amount of sunlight/shadow 3:35 pm CST 

It’s a hot, humid and sunny August Sunday, I’m in my office/parlor, listening to the window AC unit that the previous owners left us, blow cool air (and poisonous freon most likely).  My plans for the evening: Spend it with my wife and mother who is on a 4 hour pass from the Nursing Home.  And also maybe get ice cream after I mow the small patch of grass in the back once the sun moves far enough in the West behind the garage to cast a shadow on it.

While I have been whining and complaining and stressing all week, Life is still relatively good. I think it’s worth noting that it is, and that I’m appreciative for it.

This blog post inspired by this one.

Friday, August 22, 2014

Week 32 and a half Pregnancy update

So we are between Week 32 and Week 33 (Monday will be Week 33).  From here until Week 36 we are still in the NICU Zone, that time where if the babies come early, they will most likely have to spend some time in the neonatal intensive-care unit (NICU).

  • Week 35 is average half twin babies come before, half after.   
  • Week 36 is early but odds are decent that we would avoid NICU.
  • Week 37 is early but odds are even stronger that we would avoid NICU.
  • Week 38 is our target, we make it there we should be good to go.

Anything after it technically risky for twins.  And frankly, Nightingale is ready to have Moose and Squirrel out already.  She cannot move quickly.  She cannot sit for long periods of time.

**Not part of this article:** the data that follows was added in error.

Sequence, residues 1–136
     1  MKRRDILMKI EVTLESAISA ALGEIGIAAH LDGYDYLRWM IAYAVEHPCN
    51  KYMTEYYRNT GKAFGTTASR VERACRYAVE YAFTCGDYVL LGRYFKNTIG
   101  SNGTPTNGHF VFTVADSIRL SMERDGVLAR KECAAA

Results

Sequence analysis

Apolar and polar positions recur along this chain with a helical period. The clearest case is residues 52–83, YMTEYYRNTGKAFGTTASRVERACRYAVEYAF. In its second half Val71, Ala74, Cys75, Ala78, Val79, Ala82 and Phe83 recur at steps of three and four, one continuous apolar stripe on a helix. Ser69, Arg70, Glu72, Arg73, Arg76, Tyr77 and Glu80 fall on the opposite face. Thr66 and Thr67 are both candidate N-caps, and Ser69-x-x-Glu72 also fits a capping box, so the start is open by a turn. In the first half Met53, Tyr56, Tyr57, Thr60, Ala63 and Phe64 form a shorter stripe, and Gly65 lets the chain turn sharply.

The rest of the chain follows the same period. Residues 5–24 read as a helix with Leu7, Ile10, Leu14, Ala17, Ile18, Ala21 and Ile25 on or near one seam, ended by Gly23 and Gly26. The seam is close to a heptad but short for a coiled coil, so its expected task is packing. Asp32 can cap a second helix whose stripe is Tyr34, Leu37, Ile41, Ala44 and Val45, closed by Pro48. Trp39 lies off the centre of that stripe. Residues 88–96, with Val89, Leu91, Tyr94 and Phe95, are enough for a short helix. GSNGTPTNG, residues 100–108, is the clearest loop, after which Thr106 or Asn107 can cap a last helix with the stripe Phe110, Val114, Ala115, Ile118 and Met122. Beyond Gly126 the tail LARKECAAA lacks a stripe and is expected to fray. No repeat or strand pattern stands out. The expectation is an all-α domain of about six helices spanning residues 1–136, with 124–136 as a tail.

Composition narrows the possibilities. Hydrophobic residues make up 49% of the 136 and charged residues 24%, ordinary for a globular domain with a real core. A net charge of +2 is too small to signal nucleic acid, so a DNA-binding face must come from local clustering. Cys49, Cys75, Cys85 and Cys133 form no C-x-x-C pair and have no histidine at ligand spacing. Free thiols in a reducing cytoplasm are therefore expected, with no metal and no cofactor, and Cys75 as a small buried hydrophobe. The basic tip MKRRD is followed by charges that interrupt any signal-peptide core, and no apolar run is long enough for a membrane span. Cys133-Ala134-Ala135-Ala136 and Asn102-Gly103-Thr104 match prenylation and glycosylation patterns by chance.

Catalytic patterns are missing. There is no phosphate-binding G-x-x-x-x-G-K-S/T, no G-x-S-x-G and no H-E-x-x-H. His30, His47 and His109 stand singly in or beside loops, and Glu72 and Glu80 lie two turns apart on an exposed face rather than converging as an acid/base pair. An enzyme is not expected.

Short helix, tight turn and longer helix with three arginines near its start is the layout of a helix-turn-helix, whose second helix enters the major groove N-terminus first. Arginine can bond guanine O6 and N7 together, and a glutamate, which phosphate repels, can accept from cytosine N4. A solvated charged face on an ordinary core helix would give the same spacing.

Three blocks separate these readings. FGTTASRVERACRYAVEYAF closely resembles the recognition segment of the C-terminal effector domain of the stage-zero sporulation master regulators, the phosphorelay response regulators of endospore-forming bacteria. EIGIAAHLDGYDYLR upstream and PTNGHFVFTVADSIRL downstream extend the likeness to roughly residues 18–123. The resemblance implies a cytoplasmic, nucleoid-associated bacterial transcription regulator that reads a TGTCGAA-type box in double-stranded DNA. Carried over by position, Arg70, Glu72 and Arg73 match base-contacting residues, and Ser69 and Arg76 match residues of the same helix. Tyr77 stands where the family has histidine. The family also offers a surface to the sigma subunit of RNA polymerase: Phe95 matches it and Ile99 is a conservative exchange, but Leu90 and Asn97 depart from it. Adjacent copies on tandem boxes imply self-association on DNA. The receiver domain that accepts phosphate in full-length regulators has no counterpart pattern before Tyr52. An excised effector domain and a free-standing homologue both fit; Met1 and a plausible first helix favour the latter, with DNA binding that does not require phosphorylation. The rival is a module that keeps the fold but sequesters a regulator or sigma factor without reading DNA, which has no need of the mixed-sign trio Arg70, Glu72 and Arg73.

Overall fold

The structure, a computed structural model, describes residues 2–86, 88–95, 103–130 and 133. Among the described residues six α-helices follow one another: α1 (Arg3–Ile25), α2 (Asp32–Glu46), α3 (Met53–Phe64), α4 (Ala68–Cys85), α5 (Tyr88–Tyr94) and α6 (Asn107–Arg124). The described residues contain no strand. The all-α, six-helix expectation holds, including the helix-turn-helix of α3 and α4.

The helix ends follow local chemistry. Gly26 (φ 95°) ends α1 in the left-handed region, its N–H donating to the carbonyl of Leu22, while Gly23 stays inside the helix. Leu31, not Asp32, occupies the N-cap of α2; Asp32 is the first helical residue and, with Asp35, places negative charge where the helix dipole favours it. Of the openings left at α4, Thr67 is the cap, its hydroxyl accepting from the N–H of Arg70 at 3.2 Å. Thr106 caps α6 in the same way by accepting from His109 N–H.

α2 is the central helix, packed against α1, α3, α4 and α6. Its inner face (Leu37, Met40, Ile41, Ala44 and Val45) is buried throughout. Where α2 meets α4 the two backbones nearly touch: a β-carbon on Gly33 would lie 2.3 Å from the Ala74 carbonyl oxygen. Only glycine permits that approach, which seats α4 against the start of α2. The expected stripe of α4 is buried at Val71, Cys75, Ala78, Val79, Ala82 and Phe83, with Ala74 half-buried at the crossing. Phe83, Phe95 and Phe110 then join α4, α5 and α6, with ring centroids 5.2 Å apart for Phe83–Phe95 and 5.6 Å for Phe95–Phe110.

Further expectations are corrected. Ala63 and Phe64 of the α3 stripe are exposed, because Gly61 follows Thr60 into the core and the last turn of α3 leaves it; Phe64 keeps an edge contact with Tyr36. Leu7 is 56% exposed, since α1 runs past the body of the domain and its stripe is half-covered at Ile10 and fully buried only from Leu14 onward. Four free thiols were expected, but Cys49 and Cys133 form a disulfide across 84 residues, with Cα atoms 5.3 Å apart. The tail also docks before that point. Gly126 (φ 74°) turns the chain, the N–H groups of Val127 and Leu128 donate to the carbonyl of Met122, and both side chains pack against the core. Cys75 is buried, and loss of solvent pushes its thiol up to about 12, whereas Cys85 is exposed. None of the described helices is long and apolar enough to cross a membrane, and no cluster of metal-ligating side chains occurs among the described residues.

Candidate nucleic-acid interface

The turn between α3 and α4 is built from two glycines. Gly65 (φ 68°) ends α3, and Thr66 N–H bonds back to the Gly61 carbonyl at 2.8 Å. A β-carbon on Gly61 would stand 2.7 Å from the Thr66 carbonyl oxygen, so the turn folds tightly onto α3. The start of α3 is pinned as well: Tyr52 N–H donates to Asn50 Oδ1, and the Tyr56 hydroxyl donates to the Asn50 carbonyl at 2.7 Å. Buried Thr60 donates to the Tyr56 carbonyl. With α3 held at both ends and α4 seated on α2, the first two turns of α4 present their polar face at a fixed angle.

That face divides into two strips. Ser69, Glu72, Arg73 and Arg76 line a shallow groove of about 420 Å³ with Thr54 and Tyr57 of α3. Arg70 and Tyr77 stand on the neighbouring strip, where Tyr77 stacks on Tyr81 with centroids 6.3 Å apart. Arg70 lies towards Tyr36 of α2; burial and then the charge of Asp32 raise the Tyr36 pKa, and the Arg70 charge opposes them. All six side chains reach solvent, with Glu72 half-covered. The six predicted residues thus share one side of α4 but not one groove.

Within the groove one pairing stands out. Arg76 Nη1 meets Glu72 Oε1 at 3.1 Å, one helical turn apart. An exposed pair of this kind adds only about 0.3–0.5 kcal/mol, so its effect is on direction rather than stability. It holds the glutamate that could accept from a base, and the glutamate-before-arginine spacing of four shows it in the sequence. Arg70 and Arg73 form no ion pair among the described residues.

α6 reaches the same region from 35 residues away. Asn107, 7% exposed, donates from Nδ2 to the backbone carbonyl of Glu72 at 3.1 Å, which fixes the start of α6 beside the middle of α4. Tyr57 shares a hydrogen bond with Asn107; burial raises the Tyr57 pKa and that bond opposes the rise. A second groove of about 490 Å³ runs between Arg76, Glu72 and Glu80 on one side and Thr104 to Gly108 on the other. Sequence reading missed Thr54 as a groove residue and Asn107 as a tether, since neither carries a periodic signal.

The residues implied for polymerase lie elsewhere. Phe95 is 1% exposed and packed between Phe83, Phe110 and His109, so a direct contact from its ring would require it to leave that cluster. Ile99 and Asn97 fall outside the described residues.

She has been having trouble sleeping a lot more lately.  The pattern is usually not sleep well on Monday, not sleep much on Tuesday.  On Wednesday she is irritable but hesitant to take any sleep medication because she wakes up groggy.  On Thursday she might finally give in and take the sleep medication which means she is okay on Friday and catches up on sleep over the weekend and then we repeat the next week.

Last night she seemed to discover that her waking up is related to being hungry.  As soon as she had something to eat last night, she said she fell asleep right away.  Who knew.

Wednesday, August 20, 2014

Another Post Featured on the ChicagoNow front page

While I strive to take an act like you've been there before attitude, It's always kinda cool when a blog post I wrote gets featured on the ChicagoNow home page.  With the recent revamp of the Chicago Tribune I don't expect to ever be featured in the one slot allocated to ChicagoNow on the online edition again.

Clickable Link Here

Some of my fellow CN bloggers wonder how to get featured on the ChicagoNow front page so this is as good as any place to jot down what I've found.

  1. Content is still King:  Write something good and make a decent attempt at SEO headline and the Powers-That-Be will feature it.
  2. In Lieu of that, publishing just before 7 in the morning or noon in the afternoon can help catch the PTB attention.
  3. There isn't much activity during the weekend or holidays so that is a good time to post as well.
  4. Ask:  If you really want your post to be featured, I've heard asking will get it done.  Note: use this judiciously of course.
There you have it. 

Monday, August 18, 2014

Quick Update on Various Things

Update on my mom:  So last Thursday, my mom was transferred from a hospital room to a Nursing Home.  Medicare will apparently pay for up to 20 days stay here.  She was very against the move but when we went to visit her Friday her tune had changed.  She seemed to be okay with being there for a short amount of time.  We suspect they either gave her a happy pill or put something in her food.  Either way, we aren't complaining, we just want a year's supply of it.

Will's Wedding Fun Run